K-means clustering – Use Cases

hqdefaultK-means clustering is often used as a lead-in to classification. It is primarily an exploratory technique to discover the structure of the data that you might not have notice before and as a prelude to more focused analysis or decision processes. Some examples of the set of measurements based on which clustering can be performed are detailed in the slide. In the patient record where we have measures such as BMI, HBA1C, HDL with which we could cluster patients into groups that define varying degrees of risk of a heart disease. In Classification the labels are known. Whereas in clustering the labels are not known. Hence clustering can be used to determine the structure in the data and summarize the properties of each cluster in terms of the measured centroids for the group. The clusters can define what the initial classes could be. In low dimensions we can visualize the clusters. It gets very hard to visualize as the dimensions increase. There are a lot of applications of the K-mean clustering, examples include pattern recognition, classification analysis, artificial intelligence, image processing, machine vision, etc. In principle, you have several objects and each object has several attributes. You want to classify the objects based on the attributes, then you can apply this algorithm. For Data Scientists, K-means is an excellent tool to understand the structure of data and validate some of the assumptions that are provided by the domain experts pertaining to the data.

 

Step 1 – K-means clustering begins with the data set segmented into K clusters.

Step 2- Observations are moved from cluster to cluster to help reduce the distance from the observation to the cluster centroid.

Step 3 – When observations are moved to a new cluster, the centroid for the affected clusters needs to be recalculated.

Step 4 – This movement and recalculation is repeated until movement no longer results in an improvement.

The model output is the final cluster centers and the final cluster assignments for the data. Selecting the appropriate number of clusters, K, can be done upfront if you possess some knowledge on what the right number may be. Alternatively you can try the exercise with different values for K and decide which clusters best suit your needs. Since it is rare that the appropriate number of clusters in a dataset is known, it is good practice to select a few values for k and compare the results. The first partitioning should be done with the same knowledge used to select the appropriate value of K, for example domain knowledge about the market or industries. If K was selected without external knowledge, the partitioning can be done without any inputs. Once all observations are assigned to their closest cluster, the clusters can be evaluated for their “in-cluster dispersion.” Clusters with the smallest average distance are the most homogenous. We can also examine the distance between clusters and decide if it makes sense to combine clusters which may be located close together. We can also use the distance between clusters to assess how successful the clustering exercise has been. Ideally, the clusters should not be located close together as the clusters should be well separated.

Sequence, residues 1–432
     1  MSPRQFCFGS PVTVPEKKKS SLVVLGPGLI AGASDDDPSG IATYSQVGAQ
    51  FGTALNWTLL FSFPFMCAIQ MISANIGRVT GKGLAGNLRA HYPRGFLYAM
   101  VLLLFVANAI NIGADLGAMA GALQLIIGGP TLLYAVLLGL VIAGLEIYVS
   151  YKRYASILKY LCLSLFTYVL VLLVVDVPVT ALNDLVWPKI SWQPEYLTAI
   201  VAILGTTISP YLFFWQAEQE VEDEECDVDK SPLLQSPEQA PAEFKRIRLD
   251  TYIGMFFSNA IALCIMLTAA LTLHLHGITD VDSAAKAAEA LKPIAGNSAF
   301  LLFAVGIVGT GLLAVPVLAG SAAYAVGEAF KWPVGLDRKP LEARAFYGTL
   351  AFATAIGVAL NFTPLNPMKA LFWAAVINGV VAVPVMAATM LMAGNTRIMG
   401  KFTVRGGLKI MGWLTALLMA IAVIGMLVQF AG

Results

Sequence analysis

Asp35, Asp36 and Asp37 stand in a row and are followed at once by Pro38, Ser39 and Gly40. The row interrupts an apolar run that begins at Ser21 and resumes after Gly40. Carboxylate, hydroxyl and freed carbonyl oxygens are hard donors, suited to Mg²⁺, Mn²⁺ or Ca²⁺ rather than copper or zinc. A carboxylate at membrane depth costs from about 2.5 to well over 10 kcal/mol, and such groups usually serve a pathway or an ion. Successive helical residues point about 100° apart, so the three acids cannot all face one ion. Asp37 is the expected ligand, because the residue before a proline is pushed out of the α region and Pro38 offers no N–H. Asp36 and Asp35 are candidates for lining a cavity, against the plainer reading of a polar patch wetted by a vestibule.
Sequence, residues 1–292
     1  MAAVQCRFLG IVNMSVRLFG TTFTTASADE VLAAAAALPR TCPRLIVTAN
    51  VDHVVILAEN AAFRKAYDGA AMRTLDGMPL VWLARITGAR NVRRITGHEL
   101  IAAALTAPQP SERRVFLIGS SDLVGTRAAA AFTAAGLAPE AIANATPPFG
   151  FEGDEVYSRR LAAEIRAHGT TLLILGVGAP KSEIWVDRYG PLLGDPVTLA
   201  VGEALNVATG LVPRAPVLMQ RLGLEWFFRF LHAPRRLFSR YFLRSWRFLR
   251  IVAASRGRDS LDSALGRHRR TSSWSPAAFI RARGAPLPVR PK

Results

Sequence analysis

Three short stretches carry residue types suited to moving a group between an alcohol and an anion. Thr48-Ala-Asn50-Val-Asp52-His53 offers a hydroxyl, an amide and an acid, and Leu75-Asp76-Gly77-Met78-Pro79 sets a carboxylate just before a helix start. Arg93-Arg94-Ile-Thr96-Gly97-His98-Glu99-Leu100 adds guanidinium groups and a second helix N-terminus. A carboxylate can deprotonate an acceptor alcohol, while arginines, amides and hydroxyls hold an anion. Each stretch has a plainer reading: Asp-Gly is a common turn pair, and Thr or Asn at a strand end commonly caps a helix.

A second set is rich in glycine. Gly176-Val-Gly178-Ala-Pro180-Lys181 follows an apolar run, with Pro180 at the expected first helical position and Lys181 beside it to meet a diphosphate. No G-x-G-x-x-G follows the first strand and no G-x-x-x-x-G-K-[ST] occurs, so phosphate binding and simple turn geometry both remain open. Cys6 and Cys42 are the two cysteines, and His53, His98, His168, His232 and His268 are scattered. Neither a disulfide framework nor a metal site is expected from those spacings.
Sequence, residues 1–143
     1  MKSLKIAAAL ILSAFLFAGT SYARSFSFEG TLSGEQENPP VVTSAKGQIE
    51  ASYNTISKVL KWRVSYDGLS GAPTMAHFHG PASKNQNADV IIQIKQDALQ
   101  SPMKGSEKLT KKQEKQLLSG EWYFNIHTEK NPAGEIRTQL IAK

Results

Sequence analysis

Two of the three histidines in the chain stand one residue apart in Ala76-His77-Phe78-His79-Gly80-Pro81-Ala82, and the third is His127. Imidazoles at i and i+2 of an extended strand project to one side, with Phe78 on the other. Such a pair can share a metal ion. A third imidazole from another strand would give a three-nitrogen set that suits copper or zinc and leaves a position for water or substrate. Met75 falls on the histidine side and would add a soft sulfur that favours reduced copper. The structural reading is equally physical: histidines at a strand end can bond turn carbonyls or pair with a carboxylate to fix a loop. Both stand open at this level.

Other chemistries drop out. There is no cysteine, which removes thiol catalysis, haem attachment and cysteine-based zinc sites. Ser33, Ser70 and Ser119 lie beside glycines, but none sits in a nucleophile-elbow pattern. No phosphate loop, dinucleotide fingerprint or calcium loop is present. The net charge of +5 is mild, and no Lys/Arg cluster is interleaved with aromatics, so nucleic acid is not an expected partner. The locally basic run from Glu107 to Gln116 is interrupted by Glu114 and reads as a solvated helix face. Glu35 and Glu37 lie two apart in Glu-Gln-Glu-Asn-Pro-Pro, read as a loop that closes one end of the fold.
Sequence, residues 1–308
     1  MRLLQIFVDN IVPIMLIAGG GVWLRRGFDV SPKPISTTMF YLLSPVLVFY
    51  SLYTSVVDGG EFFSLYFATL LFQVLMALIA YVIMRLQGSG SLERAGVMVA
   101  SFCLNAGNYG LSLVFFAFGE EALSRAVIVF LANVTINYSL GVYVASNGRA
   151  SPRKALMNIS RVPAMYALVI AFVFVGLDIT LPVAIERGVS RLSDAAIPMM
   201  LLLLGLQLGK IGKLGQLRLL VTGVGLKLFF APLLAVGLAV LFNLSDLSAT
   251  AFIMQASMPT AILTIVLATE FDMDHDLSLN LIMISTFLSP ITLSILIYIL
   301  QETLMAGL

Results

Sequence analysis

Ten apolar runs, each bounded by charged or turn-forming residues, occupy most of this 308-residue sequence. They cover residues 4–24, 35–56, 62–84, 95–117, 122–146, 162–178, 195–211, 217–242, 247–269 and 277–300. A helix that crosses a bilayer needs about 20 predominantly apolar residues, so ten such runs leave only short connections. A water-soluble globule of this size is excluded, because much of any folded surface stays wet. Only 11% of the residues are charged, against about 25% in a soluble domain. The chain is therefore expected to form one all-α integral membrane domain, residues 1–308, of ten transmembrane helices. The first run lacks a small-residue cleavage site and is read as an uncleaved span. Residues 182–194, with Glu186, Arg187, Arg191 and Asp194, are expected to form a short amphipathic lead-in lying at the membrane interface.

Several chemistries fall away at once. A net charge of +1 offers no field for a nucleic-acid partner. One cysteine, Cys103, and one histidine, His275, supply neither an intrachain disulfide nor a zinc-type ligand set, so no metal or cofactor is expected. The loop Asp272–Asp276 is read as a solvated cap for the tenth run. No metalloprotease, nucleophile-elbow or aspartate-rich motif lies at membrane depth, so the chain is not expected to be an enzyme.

Practically based on the domain knowledge, a value for K is picked and the centroids are computed. Then a different K is chosen and the model is repeated to observe if it enhanced the cohesiveness of the data points within the cluster group. However if there is no apparent structure in the data we may have to try multiple values for K. It is an exploratory process.K-means clustering is easy to implement and it produces concise output. It is easy to assign new data to the existing clusters by determining which centroid the new data point is closest to it. However K-means works only on the numerical data and does not handle categorical variables. It is sensitive to the initial guess on the centroids. It is important that the variables must be all measured on similar or compatible scales. If you measure the living space of a house in square feet, the cost of the house in thousands of dollars (that is, 1 unit is $1000), and then you change the cost of the house to dollars (so one unit is $1), then the clusters may change. K should be decided ahead of the modeling process. Wrong guesses for K may lead to improper clustering. K-means tends to produce rounded and equal sized clusters. If you have clusters which are elongated or crescent shaped, K-means may not be able to find these clusters appropriately. The data in this case may have to be transformed before modeling.